Approach improves avoidance of ‘viewer’ changes in CRISPR-based editor processing – ScienceDaily

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Want to keep the scum out of the gene pool party? Sneak up and slam the door before they arrive.

This is the central idea of ​​a new strategy from scientists at Rice University who seek to avoid gene editing errors by adjusting specific CRISPR-based editing strategies in advance.

Rice chemical and biomolecular engineer Xue Sherry Gao and chemist Anatoly Kolomeisky and their labs combined theory and experimentation for a holistic approach to create better basic editors, molecular machines that target and repair defective DNA at a single base resolution.

Their work appears in Natural communications.

The article describes the molecular processes that base editors use to manipulate DNA strands, cutting them off if necessary and making way for the replacement code. When it works, as it increasingly does to treat genetic diseases like sickle cell anemia and certain cancers, the publisher only changes the intended nucleotide.

And when it doesn’t, it’s because changes made by viewers can cause unwanted effects.

The Rice strategy mainly seeks to eliminate the wayward edits of the viewers, the nucleotides adjacent to the target of the base editor. Gao’s lab previously introduced tools to improve the accuracy of CRISPR-based modifications of cytosine mutations up to 6,000-fold.

For the new project, she hired the Kolomeisky Lab to help create a theoretical framework to eliminate trial and error in the design of an editor library. These would better target the mutations that cause the disease while avoiding passers-by. In the process, the framework could help scientists better understand the chemical and physical processes that take place when editing the database.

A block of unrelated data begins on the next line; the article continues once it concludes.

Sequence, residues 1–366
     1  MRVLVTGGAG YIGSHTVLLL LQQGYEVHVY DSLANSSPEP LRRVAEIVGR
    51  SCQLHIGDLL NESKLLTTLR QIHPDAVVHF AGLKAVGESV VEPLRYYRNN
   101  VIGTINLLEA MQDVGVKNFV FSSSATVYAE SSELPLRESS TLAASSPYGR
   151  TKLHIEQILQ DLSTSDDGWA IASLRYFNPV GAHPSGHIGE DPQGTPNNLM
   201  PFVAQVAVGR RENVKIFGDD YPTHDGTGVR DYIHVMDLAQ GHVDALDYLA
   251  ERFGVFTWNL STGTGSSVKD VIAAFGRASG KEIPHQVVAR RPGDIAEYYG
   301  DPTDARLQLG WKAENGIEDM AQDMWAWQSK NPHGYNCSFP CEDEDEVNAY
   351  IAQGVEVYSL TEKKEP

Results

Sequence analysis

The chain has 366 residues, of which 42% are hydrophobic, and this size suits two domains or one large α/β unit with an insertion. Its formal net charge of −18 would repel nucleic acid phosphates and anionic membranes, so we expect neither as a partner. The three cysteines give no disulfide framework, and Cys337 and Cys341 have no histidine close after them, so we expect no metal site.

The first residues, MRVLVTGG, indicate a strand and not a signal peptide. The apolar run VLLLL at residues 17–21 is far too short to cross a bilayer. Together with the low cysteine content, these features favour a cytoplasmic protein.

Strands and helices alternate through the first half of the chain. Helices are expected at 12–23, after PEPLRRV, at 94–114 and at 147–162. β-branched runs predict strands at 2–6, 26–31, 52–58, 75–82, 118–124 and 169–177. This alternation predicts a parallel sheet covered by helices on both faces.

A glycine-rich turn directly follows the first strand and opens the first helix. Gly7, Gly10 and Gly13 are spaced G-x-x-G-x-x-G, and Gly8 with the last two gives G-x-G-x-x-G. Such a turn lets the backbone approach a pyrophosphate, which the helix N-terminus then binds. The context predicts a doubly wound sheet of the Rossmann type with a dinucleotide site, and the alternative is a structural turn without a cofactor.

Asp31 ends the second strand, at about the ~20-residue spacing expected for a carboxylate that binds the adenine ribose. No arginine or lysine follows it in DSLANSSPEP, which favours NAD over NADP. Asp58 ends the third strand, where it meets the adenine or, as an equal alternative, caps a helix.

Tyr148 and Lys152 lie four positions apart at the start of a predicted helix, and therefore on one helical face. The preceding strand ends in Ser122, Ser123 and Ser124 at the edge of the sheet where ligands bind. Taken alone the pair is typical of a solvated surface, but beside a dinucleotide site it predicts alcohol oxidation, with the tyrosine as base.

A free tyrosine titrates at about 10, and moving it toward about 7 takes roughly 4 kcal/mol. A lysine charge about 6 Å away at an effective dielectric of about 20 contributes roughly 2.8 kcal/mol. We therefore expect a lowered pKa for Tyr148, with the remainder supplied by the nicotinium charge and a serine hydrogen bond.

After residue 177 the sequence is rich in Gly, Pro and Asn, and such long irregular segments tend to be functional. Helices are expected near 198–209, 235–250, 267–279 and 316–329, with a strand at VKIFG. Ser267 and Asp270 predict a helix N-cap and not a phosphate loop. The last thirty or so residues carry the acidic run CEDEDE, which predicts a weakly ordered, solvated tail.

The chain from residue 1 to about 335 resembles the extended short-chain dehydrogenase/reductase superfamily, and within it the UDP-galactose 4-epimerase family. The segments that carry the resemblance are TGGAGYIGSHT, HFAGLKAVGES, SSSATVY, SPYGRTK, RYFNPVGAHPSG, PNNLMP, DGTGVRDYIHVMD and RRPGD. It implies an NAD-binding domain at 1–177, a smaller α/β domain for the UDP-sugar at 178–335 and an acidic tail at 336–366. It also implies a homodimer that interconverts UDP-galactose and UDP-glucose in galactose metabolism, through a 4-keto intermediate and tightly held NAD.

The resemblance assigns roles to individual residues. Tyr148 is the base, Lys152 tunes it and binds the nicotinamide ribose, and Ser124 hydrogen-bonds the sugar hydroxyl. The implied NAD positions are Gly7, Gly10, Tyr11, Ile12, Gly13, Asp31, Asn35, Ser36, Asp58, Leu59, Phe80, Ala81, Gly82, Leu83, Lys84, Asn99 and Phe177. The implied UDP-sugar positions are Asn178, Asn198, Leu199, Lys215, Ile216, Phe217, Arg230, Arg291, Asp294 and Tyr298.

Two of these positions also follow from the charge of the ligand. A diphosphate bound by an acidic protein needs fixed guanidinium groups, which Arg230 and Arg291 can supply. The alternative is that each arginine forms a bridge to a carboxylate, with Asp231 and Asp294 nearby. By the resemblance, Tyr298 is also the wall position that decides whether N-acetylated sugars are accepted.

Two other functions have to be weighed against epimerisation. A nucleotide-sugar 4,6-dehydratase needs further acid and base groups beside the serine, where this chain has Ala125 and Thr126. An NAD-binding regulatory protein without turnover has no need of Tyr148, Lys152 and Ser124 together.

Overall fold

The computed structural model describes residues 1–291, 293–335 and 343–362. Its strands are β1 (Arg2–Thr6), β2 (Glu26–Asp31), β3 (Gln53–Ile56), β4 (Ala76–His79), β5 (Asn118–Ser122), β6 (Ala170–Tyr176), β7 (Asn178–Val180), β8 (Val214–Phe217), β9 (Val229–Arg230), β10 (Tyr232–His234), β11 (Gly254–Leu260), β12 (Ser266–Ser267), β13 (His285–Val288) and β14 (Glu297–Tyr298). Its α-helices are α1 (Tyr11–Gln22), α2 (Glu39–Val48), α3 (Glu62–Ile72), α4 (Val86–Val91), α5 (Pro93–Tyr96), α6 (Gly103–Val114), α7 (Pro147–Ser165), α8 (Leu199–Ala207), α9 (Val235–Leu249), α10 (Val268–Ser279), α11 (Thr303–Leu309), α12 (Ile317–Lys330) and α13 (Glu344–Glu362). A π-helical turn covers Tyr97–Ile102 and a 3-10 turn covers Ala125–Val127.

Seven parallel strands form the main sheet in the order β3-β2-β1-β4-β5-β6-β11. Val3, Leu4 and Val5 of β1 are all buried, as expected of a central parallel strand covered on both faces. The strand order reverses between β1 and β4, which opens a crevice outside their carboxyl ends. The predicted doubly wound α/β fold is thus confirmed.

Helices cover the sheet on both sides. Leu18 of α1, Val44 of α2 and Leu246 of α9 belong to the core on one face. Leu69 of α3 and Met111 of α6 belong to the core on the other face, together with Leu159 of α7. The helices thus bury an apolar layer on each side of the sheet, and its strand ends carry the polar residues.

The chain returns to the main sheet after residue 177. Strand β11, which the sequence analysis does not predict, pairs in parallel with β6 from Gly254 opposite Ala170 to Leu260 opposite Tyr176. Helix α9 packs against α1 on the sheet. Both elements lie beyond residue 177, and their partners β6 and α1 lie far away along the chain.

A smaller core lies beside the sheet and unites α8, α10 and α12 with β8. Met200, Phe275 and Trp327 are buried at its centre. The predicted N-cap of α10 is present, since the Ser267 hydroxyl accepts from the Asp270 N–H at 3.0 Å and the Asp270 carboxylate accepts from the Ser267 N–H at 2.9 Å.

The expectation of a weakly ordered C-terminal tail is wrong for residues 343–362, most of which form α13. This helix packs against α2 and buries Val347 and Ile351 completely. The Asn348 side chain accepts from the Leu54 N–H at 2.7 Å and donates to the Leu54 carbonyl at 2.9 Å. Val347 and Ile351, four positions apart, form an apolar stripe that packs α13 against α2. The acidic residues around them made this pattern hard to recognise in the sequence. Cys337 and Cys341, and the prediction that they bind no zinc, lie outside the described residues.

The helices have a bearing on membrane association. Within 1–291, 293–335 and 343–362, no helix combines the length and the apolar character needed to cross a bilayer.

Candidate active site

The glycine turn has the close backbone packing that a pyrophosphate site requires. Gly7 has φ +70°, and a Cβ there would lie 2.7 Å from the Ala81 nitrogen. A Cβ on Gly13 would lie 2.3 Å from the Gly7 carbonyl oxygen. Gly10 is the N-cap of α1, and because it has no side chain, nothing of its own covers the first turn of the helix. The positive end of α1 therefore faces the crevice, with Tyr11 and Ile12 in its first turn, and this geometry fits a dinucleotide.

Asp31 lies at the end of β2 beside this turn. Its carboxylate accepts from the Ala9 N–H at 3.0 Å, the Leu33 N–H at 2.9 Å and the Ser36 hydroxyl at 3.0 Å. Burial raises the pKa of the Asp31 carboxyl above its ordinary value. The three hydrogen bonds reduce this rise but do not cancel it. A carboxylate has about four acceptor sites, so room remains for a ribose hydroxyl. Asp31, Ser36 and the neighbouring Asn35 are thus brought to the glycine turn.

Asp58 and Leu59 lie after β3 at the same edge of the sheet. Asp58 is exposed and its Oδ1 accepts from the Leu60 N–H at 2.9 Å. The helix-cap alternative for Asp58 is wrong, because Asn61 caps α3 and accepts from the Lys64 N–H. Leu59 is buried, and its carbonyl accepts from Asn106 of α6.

“Sherry and other experimental scientists already had results that worked,” Kolomeisky said, referring to the previous article, in which the lab used its editor to convert cytosines to thymines, correcting DNA mutations while by avoiding otherwise vulnerable cytosines upstream. “But despite these amazing developments, there has been no microscopic understanding of what we need to do with these protein systems to improve editing.”

He said that Qian Wang, a former postdoctoral researcher in Kolomeisky’s lab and now an assistant professor at China University of Science and Technology (USTC), Hefei, rose to the challenge by using Gao’s cytosine experiment as a reference.

“We applied the model for this result and got a few important parameters which we then used to design which mutations and where are needed to achieve precise editing,” Kolomeisky said. “Ultimately, this symbiosis of theory and experimentation allows us to work intelligently.”

Their strategy combines molecular dynamics simulations and stochastic (aka random) models that identify the binding energies between molecules required to achieve maximum editing selectivity. Experiments in Gao’s lab validated the results.

Critically, the framework includes a way to characterize the binding affinity between deaminases – enzymes that catalyze the removal of an amino group from a molecule – and single-stranded DNA (ssDNA).

Ideally, they said, the deaminase stays on the sDNA just long enough to complete the major editing and is released before inadvertently editing a control site.

“The important thing here is that a mutation doesn’t work for different systems,” Kolomeisky said. “So for each system you have to redo this procedure, but at least what needs to be done is clear.”

“The model was very successful at reflecting what has already been done experimentally,” Gao said. “But since then we have been able to refuse viewer effects in other basic editing systems.

“Because the number of mutants could run into the thousands, it is unrealistic for experimenters alone to verify individual base editors,” she said. “Only this multidisciplinary approach will allow us to build a huge library of desktop editors, and then narrow the numbers down to the most promising candidates for further experimental checks. That’s what we’re working towards.”

Postdoctoral researcher Rice Jie Yang is co-lead author of the article with Wang. Rice’s undergraduate Jeffrey Vanegas and USTC theoretical physicist Zhicheng Zhong are co-authors of the article. Gao is Ted N. Law Assistant Professor in Chemical and Biomolecular Engineering. Kolomeisky is Professor and Chairman of the Department of Chemistry and Professor of Chemical and Biomolecular Engineering.

Double First-Class Initiative USTC research funds (YD2030002006), National Natural Science Foundation of China (32000882), National Science Foundation (NSF) (1953453, 1941106), Center for Theoretical Biological Physics (19745) funded by NSF), Welch Foundation (C-1559), National Institutes of Health (R01HL157714) and Rice Creative Ventures Fund supported the research.


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